Companies and governments worldwide are taking vital steps to address global warming and climate change. Recently, Bank of America convened a panel discussion featuring Chief Executive Officer Brian Moynihan and Vice Chairman and Head of ESG, Sustainable Finance and Public Policy Anne Finucane, who have spearheaded climate initiatives within the bank and the broader business community over the past several years. Hosted by Alastair Borthwick, President of Global Commercial Banking, the discussion covered the global transformation toward a low-carbon economy and outlined tangible ways companies can take action. Following is a summary of this conversation.
What are carbon neutrality and net zero?
Driving down carbon emissions to the lowest possible level should be a goal for everyone. For companies that can’t completely eliminate emissions, it’s possible to offset them by investing in environmentally friendly projects, such as refurbishing forests and buying excess solar power capacity from producers.
Once a company has balanced its own emissions with offsets, it has achieved carbon neutrality. The next step —net zero— happens when the company becomes carbon-neutral across its entire supply chain, including its employees, vendors and customers.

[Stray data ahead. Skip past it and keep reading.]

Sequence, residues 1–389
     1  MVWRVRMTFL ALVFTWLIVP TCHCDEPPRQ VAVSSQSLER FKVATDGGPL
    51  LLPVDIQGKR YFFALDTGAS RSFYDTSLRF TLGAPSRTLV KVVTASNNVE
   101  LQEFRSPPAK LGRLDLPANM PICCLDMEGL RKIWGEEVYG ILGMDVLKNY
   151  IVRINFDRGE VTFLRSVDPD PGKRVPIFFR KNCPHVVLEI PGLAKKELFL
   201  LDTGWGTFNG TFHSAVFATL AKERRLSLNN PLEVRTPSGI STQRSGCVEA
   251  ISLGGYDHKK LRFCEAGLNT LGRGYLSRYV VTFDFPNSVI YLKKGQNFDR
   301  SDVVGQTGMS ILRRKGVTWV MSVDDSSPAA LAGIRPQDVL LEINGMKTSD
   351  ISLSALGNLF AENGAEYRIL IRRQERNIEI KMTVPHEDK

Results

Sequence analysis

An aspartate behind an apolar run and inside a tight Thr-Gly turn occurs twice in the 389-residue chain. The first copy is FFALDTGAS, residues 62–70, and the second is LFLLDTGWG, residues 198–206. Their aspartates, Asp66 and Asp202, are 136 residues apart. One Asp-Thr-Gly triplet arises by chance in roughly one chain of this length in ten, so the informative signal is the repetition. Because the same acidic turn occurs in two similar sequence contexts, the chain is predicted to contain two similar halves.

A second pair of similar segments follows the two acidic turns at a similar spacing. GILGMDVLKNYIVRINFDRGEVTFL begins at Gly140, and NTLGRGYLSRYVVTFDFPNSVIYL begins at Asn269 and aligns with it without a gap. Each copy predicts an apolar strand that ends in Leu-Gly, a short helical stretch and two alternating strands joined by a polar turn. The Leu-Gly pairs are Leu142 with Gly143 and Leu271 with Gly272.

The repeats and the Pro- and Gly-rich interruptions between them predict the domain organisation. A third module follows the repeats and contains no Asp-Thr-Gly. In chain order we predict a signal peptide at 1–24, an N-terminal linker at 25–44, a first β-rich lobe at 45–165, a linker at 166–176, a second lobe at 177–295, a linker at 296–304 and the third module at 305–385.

Many countries have committed to net-zero emissions over the next few decades. Bank of America has already achieved carbon neutrality and is accelerating progress toward reaching net zero. According to Finucane, the primary architect behind BofA’s net-zero strategy, “The goal is to limit global warming to below 2 degrees Celsius —and preferably 1.5 degrees— by 2050.”
What are companies and countries doing today?
Moynihan, who has played a central role in discussions with leaders of G7 countries and other global CEOs, notes that significant activity is already underway. “This is happening now. It’s not coming someday. The urgency to get to net zero across the board is felt.”